Julian Assange and his partner Stella Moris are planning to get married in prison in the UK, but will have to overcome bureaucratic hurdles to allow the nuptials.
Assange, an Australian-born journalist, has spent more than two years in London's high-security Belmarsh prison.
His relationship with Moris began during the period Assange spent in the Ecuadorian embassy in London, where he claimed political asylum.
The couple now have two sons, aged four and two-and-a-half.
"We're looking into getting married in the prison because we've been engaged since 2016," Moris told dpa ahead of the Wikileaks founder's 50th birthday on July 3.
He said the circumstances had not allowed them to go ahead with their plans yet.
"And if we get married in the prison, then I don't think that will be the only celebration," she said.
"The most likely thing is that we'll get married in the prison and then we'll have another kind of wedding celebration with friends and family once once he's free."
She said no date had been set yet but the two were working through the necessary bureaucracy and hoped to marry "soon."
"It's quite complicated," she said, noting that the pandemic had made it even more so.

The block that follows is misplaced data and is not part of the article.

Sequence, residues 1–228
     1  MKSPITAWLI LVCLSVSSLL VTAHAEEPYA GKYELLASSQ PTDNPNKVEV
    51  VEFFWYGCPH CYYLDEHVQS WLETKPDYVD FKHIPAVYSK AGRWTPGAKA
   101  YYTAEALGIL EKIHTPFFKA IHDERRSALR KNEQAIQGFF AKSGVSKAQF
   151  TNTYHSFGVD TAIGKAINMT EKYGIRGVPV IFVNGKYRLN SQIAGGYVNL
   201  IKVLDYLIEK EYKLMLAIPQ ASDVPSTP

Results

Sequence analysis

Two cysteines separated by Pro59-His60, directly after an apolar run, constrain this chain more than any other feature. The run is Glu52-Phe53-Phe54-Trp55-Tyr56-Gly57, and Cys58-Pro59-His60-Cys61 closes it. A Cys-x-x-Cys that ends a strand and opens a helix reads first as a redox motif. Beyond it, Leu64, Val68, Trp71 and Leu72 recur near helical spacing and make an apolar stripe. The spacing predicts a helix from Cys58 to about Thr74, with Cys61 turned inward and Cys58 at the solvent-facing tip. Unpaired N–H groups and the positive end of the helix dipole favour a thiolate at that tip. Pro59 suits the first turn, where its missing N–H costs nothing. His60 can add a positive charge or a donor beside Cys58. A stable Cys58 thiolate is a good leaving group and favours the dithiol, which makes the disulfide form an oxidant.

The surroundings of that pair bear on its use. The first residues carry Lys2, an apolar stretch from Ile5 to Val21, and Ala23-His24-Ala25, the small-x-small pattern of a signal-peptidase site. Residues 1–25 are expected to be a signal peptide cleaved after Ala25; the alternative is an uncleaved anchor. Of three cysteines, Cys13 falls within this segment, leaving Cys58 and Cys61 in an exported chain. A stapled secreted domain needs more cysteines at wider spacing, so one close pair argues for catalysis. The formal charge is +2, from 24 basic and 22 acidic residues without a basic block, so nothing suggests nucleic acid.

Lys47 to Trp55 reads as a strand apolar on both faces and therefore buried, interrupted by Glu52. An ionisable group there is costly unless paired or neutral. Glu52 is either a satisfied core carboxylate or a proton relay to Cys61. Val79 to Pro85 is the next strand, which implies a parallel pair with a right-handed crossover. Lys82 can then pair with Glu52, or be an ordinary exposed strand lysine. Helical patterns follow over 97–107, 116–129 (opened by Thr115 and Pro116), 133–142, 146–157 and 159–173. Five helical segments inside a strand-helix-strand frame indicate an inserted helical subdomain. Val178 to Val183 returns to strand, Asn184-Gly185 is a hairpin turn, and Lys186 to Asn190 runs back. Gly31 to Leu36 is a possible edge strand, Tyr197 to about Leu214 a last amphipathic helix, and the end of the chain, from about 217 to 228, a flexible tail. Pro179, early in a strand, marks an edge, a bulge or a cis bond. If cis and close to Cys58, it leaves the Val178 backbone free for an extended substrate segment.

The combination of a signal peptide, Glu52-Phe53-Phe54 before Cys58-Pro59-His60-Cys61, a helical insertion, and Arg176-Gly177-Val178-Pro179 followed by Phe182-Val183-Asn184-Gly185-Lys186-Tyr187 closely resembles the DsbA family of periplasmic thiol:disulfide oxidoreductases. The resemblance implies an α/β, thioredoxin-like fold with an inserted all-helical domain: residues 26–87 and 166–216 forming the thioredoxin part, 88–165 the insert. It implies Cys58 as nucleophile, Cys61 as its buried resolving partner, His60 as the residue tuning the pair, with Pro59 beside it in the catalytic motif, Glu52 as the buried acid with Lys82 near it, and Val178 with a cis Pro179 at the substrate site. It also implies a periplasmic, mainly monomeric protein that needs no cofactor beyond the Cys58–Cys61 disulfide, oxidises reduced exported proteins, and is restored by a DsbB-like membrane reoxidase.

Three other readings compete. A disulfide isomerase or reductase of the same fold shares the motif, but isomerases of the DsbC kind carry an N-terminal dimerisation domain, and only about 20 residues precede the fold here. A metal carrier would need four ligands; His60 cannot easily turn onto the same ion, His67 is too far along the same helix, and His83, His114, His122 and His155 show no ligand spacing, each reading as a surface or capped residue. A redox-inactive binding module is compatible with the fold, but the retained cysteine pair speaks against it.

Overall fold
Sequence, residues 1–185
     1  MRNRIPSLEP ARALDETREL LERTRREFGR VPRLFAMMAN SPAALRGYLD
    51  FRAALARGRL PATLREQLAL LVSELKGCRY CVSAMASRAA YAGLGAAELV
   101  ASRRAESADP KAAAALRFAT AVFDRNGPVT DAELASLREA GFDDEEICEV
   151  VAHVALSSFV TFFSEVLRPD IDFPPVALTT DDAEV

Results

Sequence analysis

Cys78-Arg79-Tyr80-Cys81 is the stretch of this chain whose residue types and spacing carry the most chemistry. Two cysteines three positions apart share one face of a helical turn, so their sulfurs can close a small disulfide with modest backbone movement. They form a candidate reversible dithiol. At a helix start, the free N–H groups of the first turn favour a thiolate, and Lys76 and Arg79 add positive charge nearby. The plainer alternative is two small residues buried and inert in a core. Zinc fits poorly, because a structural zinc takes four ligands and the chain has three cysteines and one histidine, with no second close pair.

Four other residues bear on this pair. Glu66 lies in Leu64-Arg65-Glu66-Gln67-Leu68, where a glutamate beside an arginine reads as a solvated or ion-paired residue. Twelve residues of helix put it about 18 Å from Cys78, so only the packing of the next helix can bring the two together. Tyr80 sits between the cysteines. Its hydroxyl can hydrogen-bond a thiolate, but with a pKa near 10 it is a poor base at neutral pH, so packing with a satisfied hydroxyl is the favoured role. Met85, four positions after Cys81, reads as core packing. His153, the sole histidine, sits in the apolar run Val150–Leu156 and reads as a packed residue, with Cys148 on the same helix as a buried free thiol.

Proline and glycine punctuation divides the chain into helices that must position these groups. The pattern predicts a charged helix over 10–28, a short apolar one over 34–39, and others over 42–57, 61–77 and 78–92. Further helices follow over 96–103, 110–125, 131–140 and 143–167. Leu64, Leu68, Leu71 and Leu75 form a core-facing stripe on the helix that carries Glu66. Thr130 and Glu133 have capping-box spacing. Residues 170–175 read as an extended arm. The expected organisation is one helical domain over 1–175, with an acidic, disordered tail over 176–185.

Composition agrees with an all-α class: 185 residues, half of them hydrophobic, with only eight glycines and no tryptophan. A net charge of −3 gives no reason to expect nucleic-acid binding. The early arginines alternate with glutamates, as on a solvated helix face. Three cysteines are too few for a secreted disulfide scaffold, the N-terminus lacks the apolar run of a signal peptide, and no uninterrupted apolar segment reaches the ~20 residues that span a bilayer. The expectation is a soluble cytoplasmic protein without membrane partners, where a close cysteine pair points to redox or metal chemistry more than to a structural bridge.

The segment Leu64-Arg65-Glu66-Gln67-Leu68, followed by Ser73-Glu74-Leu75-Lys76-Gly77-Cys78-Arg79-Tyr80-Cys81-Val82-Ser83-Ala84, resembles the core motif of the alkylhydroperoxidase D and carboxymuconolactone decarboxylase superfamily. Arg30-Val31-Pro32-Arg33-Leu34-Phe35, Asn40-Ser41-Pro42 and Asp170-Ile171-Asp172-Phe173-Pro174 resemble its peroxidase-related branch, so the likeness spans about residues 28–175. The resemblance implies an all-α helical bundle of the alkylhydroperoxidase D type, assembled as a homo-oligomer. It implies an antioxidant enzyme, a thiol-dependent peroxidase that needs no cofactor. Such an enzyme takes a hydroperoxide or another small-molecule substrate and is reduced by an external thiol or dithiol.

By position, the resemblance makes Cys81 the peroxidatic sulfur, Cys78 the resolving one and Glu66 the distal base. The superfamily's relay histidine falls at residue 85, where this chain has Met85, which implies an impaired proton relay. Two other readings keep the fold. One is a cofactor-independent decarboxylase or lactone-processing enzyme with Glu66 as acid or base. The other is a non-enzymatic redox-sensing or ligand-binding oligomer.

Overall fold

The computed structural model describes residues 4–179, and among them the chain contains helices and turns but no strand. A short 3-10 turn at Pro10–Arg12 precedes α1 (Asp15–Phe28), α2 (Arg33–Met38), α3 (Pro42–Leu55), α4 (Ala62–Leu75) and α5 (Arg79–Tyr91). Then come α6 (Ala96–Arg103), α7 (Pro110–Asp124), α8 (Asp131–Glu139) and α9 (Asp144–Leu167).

"We have spoken to the Belmarsh chaplain services about it and they said they haven't seen a wedding in Belmarsh for as long as they've been there, which is 12 years. So it's not a straightforward thing to do."
She said the couple needed certificates from their respective countries to prove they had not been previously married, for example.
"So it's quite a long bureaucratic process, but we have started it."
Moris said the plans also depended on the prison's governor allowing them to marry in prison, and noted that there could be concerns as Assange is Australian and his visa had expired.
It was also unclear whether guests could attend during the pandemic, she said.
Technically, Belmarsh could allow Assange out for a day but that planning this would be even more complicated, given the backlog after large numbers of people delayed their marriages during Britain's lockdown.
"We're just seeing how it goes."
Assange has been accused of conspiring with former US military intelligence analyst Chelsea Manning to leak a trove of classified material in 2010.
The secret documents relating to the military engagement of Allied forces in Afghanistan were released on Wikileaks while Assange also collaborated with journalists at prominent news outlets.
His supporters and press freedom groups view him as an investigative reporter who has brought war crimes to light.
A total of 18 charges have been lodged by Washington, which argues he put the lives of US informants at risk. If found guilty, Assange could be jailed in the US for 175 years.
A British judge recently denied an extradition request from the US for Assange to face charges of espionage there, due to concerns about his health.